This year I have to admit I am particularly depressed. Not only did I return to work after vacation (depressing in itself) football is winding down, baseball is far off and now there is the possibility that there will be no new TV shows to tide me over until February! I already am starting to feel the pangs of not seeing new episodes involving the comely ladies of Lost, and should 24 be delayed I may be writing these columns from a cave somewhere. On the good side, I suppose the Hawaii police will be bored without the cast of Lost drunk driving en masse.
With nothing else to do and with nothing to interest me aside from watching ladies pole dance in the New York City Subway, this is a good time to do some more reflection on not just my team but on myself.
“Those who excel at defense bury themselves away below the lowest depths of the Earth. Those who excel at offense move from above the greatest heights of Heaven. Thus they are able to preserve themselves and attain victory.” This is one of my favorite Sun-Tzu quotes and has surprisingly profound applications. But since we are fantasy players we must look at how this applies to fantasy baseball.
The import of the quote is clear; the road to success lies in knowing yourself and then taking advantage of your strengths in the best possible way. As Sun-Tzu points out, one who excels at defense will bury themselves below the earth (metaphorically speaking of course), which would make it impossible for them to be attacked. From what better position can such a person defend themselves? You avoid defeat and disaster by taking advantage of your peculiar skills. One who excels at offense moves from the heights of Heaven. The army that moves like this will be like a ton against an ounce.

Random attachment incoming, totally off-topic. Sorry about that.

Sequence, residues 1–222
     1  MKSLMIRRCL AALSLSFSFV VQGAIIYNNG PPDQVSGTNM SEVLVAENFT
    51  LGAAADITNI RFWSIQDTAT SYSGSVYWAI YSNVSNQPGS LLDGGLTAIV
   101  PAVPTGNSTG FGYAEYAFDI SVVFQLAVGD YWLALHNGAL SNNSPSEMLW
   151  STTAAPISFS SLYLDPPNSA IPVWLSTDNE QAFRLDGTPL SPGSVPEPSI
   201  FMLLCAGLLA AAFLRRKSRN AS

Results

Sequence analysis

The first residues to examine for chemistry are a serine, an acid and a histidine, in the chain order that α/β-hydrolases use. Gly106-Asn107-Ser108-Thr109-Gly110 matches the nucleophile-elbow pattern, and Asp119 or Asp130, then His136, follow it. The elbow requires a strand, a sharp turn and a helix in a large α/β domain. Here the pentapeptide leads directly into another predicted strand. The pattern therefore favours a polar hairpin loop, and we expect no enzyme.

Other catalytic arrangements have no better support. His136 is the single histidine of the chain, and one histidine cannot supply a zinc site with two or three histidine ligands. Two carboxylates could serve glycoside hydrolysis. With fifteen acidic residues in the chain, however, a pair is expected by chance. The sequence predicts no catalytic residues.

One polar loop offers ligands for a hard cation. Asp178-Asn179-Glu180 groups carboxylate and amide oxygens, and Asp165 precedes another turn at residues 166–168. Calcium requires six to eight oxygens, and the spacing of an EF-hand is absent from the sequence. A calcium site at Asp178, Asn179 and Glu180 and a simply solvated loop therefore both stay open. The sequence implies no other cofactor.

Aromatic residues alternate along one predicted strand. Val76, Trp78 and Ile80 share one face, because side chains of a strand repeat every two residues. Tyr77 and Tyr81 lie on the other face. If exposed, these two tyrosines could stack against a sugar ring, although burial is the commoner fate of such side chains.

How to take advantage? As a Fantasy GM you must of course know your strengths and weaknesses. Yet when it comes to self-analysis we can often be our own worst enemy, attributing successes and failures to the vagaries of chance and not to our own faults or skills. It is easy when riding high to believe you are just the second coming of Ron Shandler or John Benson, and when you are riding low it is easy to curse one’s fortune. Avoiding this trap is paramount.
In fantasy baseball a critical evaluation must be done if there are pretensions at winning serious money or winning against tough competition. What must be done? You must assiduously examine your past performance. Examine your team at the end of the year and see what went right and what went wrong. If you have played this game for a number of years you have no doubt figured out some of your strengths. Some may be astute at discerning value in young developing pitchers. Some may be good at Minor League evaluations and some may be great at auctions but terrible negotiators. This is all useful information.
Knowing what your strengths are allows you to figure out with better precision whether a failure or success was built on luck or was the result of astute judgment. This takes a lot of effort. It is not easy to do and you may not be motivated. But even slight effort here can have tremendous gains. Winning isn’t easy unless the competition is easy. You must be willing to look at yourself and your decisions critically.